Sleep apnea, a sleep disorder characterized by the frequent start and stop of breathing, is a common problem in children. Sleep apnea in children is recognized as the root of many attention and behavior complications during the daytime.
Symptoms of sleep apnea in children
Sleep apnea in children is categorized into three types. These are:
1. Obstructive sleep apnea
This form of apnea is caused when something obstructs the airway during sleep. Enlarged tonsils are the most common culprit of sleep apnea in children. When sleeping, the soft tissues in the back of the throat relax, allowing the tonsils to spread out over the back of the throat. Symptoms of obstructive apnea include:
- Periods of snoring, followed by a cessation of breathing for a few seconds. There is then a large gasp for air and the snoring resumes.
- Deep, labored breathing during sleep. Often, the child sounds as if he has been participating in heavy exercise.
- Restless sleep. The child moves around the bed, frequently waking and changing position.
2. Central sleep apnea
This disorder is caused by the failure of the brain to control breathing. The portion of the brain responsible for breathing either does not start correctly, or it may not maintain breathing functions. This rare type of apnea during sleep is usually found in premature babies whose respiratory functions have not fully developed. Symptoms can include:
- Change in color and temperature – the child appears blue and feels abnormally cool to the touch.
- Irregular breathing tempo – the child’s breathing goes from rapid to shallow to non-existent, and then back to rapid.
3. Complex sleep apnea
This disorder combines both obstructive and central sleep apnea. It is usually caused by the combination of enlarged tonsils and undeveloped respiratory functions.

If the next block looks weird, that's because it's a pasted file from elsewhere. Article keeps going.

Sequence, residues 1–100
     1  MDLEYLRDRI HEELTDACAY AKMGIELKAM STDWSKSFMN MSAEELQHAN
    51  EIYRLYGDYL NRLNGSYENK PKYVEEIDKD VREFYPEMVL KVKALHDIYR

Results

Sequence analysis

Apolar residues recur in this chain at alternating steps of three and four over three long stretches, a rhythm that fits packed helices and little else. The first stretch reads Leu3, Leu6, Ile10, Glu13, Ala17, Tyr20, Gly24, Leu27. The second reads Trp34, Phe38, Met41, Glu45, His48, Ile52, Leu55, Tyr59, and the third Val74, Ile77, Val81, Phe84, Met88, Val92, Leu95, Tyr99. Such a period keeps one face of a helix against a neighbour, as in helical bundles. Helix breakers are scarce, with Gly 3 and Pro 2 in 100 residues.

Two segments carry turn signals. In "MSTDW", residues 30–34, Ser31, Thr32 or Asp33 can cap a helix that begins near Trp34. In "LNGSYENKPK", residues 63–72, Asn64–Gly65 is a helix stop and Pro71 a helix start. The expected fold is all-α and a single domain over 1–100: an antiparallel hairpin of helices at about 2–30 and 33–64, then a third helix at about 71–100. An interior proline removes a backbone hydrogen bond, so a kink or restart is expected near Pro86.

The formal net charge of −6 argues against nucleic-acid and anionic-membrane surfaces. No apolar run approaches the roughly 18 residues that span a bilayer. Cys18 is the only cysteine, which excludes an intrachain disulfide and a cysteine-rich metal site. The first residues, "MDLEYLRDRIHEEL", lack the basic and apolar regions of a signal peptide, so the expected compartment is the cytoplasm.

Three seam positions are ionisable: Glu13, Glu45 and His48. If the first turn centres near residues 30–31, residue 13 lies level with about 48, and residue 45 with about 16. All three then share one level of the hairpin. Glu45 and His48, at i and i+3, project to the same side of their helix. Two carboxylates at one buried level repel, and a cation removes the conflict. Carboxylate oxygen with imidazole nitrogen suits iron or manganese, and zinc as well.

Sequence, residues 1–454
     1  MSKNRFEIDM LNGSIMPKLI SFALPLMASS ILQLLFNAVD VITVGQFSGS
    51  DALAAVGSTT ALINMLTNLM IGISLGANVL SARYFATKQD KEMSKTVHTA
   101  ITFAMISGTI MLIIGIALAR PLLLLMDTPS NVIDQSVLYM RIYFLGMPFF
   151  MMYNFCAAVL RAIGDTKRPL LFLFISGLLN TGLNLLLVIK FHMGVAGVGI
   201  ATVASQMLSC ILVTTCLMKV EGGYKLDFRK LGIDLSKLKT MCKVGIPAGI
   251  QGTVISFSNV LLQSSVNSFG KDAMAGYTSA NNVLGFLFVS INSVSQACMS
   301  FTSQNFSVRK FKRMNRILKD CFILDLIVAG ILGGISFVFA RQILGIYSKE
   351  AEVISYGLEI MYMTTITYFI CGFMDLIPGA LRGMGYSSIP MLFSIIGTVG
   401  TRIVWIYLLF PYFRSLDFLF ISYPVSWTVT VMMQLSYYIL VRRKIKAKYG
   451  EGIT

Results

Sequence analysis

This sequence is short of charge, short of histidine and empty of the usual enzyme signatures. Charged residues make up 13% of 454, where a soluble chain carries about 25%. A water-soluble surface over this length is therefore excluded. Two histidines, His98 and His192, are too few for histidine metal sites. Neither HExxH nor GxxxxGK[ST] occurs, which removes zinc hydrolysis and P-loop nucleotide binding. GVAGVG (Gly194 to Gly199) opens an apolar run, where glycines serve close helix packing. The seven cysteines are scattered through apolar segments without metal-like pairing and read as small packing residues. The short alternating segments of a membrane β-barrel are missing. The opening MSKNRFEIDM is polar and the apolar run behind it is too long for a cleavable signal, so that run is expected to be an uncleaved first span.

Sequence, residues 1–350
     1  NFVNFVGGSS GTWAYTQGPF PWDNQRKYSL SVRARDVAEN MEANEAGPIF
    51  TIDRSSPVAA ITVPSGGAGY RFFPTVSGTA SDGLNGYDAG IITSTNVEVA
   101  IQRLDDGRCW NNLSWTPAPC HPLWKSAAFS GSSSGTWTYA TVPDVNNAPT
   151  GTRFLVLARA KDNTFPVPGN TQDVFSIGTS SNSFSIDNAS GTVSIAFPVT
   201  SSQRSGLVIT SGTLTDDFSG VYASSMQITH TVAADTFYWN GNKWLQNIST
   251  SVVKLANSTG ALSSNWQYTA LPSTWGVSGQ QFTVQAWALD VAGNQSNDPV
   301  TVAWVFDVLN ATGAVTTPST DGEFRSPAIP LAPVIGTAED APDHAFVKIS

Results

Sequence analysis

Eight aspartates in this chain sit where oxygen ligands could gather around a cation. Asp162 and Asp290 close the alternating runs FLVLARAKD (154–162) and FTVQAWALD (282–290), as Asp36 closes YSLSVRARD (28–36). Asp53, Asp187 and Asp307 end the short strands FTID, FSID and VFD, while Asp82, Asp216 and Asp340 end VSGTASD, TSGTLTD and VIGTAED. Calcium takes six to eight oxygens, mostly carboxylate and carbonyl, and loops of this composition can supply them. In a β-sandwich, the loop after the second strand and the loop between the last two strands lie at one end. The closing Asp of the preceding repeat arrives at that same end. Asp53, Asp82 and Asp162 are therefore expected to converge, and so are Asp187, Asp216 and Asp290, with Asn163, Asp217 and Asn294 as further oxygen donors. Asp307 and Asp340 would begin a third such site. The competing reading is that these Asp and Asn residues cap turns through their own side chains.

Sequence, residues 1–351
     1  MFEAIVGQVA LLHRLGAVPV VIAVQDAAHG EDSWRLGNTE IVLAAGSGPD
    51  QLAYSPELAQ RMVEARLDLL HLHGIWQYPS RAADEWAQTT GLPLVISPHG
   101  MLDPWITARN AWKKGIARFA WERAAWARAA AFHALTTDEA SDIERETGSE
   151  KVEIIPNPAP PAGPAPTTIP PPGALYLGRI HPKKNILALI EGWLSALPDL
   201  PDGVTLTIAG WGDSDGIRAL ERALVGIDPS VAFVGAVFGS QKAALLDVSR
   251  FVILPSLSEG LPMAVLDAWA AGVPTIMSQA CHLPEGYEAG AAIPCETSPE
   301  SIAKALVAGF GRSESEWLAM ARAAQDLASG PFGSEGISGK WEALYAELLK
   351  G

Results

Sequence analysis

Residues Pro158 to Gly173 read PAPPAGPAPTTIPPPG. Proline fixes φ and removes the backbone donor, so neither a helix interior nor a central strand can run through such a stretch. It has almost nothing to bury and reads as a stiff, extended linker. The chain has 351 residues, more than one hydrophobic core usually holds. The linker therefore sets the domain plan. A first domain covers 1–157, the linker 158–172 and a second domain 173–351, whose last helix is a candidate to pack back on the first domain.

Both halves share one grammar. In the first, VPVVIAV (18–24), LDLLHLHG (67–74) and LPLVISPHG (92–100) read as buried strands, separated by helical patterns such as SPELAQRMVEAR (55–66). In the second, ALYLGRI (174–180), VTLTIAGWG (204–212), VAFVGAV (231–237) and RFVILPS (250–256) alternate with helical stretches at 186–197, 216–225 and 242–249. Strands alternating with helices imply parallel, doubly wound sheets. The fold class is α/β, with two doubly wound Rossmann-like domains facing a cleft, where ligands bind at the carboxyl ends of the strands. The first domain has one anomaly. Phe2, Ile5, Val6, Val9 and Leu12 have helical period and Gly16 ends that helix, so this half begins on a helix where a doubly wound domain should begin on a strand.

Other symptoms include:
- drowsiness during the day
- inability to concentrate
- delayed growth and development
How to diagnose sleep apnea in children
Only a licensed doctor or sleep disorder practitioner can correctly diagnose this disorder; parents who notice any of its associated symptoms should immediately schedule an appointment with their pediatrician or ENT. Parents who have children who were diagnosed with either ADD or ADHD should consider having their children tested for apnea during sleep since a percentage of children diagnosed with these conditions also have a sleeping disorder.
Possible treatments for sleep apnea in children
Treatments for apnea during sleep include removal of tonsils and adenoids for children suffering from obstructive apnea. Children who suffer from central or complex apnea may be treated with medications to stimulate the respiratory system. They may also be treated with therapies that include the use of oxygen or a CPAP, continuous positive airway pressure, machine which forces air through the nose via a mask.
What to do if you think your child suffers from apnea during sleep
The most important thing is to stay calm. Children suffering from apnea during sleep can be treated when correctly diagnosed. Make an appointment with a pediatrician or ENT. If referred to a sleep specialist, prepare the child for the visit. Speak with the office before the appointment and find out what will happen during the appointment so the process can be explained to the child.
Until diagnosis, parents who suspect apnea during sleep should be patient with their child if their child seems inattentive or grouchy. Having the child sleep on his side helps in controlling the symptoms.
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